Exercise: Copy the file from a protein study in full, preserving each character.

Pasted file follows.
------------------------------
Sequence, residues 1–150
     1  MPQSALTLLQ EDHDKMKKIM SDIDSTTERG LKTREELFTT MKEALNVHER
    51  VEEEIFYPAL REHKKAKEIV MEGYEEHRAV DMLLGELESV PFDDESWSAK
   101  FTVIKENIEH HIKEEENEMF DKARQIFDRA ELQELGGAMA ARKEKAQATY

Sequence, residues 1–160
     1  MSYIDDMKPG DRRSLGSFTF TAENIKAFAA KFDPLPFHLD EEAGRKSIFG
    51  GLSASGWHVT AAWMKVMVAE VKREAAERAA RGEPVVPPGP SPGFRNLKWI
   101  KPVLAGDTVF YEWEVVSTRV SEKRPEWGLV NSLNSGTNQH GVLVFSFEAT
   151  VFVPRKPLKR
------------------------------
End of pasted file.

Sequence, residues 1–150
     1  MPQSALTLLQ EDHDKMKKIM SDIDSTTERG LKTREELFTT MKEALNVHER
    51  VEEEIFYPAL REHKKAKEIV MEGYEEHRAV DMLLGELESV PFDDESWSAK
   101  FTVIKENIEH HIKEEENEMF DKARQIFDRA ELQELGGAMA ARKEKAQATY

Sequence, residues 1–160
     1  MSYIDDMKPG DRRSLGSFTF TAENIKAFAA KFDPLPFHLD EEAGRKSIFG
    51  GLSASGWHVT AAWMKVMVAE VKREAAERAA RGEPVVPPGP SPGFRNLKWI
   101  KPVLAGDTVF YEWEVVSTRV SEKRPEWGLV NSLNSGTNQH GVLVFSFEAT
   151  VFVPRKPLKR